Breune's take on the shift toward mobile banking/mobile account management:
Bottom line: It is no
surprise that mobile usage is significant. But what I didn't realize is
how quickly mobile users are giving up desktop online banking. Look at
Chase and BofA, which have had mobile the longest. Only 1/3 of their
mobile users went to the desktop during February. Partly, that's because
many are single-service credit card customers. But it's strong evidence
for what many have hypothesized: once users become accustomed to mobile
convenience, they have much less need for desktop access.
Why bother going to the desktop when it's all on your phone, point "A".
Point "B" - how much will mobile wallets increase this effect? If you're spending money using your phone, managing money using your phone, and updating your balances using your phone, why bother with the computer...well, ever again, really?
But what really impressed me was the followup email I received shortly after completing the call (see below). It outlined what had transpired and provided several useful links to help in the migration from the old phone to the new. In addition, the company wisely encouraged self-service account management with several links below the signature line. Finally, the company inserted the name of the actual rep I'd talked to at the bottom.
We're getting to a point where "service" isn't handshakes and hugs - it's practical, fast, useful information that matters not to "everyone", but to one consumer in particular, every day, dozens and hundreds of times.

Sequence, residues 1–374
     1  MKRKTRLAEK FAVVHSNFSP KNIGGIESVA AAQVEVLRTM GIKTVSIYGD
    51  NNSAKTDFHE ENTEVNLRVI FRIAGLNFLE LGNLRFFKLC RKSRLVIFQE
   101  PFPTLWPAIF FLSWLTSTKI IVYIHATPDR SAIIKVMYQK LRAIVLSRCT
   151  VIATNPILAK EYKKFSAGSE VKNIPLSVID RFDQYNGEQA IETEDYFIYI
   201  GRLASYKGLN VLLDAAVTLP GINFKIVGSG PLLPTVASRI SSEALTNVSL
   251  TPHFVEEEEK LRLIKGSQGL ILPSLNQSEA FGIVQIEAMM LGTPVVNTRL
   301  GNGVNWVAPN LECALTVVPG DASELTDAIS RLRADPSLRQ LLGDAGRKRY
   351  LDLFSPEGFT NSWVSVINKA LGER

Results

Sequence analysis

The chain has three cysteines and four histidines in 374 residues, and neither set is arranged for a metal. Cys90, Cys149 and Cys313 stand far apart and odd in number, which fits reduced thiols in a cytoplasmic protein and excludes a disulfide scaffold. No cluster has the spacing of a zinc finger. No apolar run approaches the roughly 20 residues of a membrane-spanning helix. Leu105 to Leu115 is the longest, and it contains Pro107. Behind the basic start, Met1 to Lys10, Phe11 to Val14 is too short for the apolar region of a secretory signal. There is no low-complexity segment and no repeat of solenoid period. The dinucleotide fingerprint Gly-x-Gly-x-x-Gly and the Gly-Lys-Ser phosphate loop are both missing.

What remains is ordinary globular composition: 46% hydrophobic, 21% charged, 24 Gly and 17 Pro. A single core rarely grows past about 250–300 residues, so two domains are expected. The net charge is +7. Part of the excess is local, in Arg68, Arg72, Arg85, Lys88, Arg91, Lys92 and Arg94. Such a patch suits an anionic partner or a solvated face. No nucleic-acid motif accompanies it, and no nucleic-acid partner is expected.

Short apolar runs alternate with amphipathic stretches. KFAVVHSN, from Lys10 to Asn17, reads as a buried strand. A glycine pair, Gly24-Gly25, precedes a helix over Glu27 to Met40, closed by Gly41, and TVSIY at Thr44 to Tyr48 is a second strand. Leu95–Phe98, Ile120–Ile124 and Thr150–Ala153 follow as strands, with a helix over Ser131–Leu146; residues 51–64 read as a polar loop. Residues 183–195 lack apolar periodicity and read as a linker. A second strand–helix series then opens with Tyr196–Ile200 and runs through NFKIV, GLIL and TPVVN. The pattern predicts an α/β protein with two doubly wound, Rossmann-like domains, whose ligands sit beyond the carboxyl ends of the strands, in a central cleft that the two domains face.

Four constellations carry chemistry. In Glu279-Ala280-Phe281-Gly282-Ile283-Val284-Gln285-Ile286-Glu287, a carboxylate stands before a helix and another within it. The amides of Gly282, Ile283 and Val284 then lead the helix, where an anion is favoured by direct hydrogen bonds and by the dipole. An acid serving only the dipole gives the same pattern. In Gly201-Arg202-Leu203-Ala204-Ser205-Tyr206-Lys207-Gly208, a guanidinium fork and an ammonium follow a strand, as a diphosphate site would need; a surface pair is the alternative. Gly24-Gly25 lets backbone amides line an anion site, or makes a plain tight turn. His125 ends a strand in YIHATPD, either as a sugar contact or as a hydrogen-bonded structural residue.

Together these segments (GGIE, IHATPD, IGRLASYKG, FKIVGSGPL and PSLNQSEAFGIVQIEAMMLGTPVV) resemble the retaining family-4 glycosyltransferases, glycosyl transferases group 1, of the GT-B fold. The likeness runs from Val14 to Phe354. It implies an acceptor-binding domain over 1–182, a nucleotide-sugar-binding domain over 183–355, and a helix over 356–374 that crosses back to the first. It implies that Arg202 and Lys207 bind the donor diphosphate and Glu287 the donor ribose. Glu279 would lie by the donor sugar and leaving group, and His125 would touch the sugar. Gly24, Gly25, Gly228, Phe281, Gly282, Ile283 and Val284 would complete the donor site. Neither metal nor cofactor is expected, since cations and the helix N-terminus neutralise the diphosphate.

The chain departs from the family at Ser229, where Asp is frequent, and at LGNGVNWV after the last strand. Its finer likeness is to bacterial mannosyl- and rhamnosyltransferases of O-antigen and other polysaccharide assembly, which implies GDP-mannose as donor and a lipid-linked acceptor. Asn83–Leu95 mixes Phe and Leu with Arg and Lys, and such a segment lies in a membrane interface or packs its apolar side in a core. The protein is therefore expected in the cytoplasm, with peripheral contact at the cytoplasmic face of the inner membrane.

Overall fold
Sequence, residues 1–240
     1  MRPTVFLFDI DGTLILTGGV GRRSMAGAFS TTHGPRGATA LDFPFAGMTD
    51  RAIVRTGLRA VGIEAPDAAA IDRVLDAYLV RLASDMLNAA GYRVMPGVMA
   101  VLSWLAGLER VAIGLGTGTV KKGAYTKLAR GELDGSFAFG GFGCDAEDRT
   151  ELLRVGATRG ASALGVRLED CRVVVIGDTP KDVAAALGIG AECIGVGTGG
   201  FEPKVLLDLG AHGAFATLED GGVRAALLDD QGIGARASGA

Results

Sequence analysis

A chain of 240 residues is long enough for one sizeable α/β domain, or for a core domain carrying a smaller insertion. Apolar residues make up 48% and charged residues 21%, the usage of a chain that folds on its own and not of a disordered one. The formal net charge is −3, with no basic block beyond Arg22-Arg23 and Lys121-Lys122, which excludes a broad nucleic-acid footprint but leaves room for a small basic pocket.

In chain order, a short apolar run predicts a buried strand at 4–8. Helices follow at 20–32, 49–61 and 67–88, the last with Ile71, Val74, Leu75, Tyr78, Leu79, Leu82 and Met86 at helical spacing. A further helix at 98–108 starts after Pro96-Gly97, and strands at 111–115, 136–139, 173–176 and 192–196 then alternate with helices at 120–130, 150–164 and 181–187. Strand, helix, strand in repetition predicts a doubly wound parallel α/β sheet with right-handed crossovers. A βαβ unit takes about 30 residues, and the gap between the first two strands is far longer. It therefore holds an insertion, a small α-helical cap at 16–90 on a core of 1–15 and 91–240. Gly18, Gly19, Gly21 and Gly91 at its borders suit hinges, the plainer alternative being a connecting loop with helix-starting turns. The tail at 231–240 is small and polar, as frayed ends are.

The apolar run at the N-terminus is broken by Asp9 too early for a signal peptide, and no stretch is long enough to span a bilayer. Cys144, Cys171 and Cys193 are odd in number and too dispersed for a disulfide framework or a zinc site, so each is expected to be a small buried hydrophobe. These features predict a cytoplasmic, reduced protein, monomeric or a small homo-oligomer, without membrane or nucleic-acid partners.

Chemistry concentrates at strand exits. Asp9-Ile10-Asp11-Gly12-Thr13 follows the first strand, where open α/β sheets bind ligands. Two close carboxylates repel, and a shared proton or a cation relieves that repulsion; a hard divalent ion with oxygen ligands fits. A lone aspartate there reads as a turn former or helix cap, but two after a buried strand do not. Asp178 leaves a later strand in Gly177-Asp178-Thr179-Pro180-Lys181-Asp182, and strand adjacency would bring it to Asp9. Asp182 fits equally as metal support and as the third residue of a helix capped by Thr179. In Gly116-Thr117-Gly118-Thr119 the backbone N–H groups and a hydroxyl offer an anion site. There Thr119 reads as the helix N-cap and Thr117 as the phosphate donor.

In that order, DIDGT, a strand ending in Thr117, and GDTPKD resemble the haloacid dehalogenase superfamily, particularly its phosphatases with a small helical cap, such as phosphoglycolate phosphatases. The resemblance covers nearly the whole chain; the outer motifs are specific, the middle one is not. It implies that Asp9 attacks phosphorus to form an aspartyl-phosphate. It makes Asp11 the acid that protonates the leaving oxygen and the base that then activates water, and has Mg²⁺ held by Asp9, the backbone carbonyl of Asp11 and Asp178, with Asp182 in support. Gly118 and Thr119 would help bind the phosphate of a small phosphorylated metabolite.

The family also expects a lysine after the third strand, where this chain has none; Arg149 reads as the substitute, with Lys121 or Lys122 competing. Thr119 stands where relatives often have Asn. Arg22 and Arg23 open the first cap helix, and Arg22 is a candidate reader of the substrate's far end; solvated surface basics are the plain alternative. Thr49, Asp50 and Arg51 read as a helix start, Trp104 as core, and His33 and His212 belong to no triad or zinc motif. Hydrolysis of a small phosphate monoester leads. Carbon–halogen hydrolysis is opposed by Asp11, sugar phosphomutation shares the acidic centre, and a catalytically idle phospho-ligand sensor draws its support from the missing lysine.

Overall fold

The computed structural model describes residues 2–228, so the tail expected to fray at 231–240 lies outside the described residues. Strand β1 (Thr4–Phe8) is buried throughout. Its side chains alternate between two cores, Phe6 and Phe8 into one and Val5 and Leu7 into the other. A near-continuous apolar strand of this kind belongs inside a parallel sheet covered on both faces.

USAA will be among the first banks in the world to start toying with speech recognition software on mobile devices.
Members of USAA will soon be able to ask their iPhone what their current balance is, how much they spent last week and when their next loan payment is due — all through voice commands.
The voice recognition service, dubbed Nina, will be embedded into USAA’s iOS and Android application. To activate it, all a member needs to do is press the speech button in the USAA app and say “my voice is my password.” Then they can use natural language to make a wide range of banking inquiries.
Gotta hand it to USAA - they know their audience, they get it right, and they never sit still.
Jeff Russell from TMG Financial Services gave a great talk at the Water Cooler Symposium about the future of payments. Where are the technologies that have everyone talking, like NFC and PFM, and where are those technologies going? What is the threat level from outside players, like Google and Apple? Jeff has some sharp insight, and you can watch it in the video below or over on the CU Water Cooler website.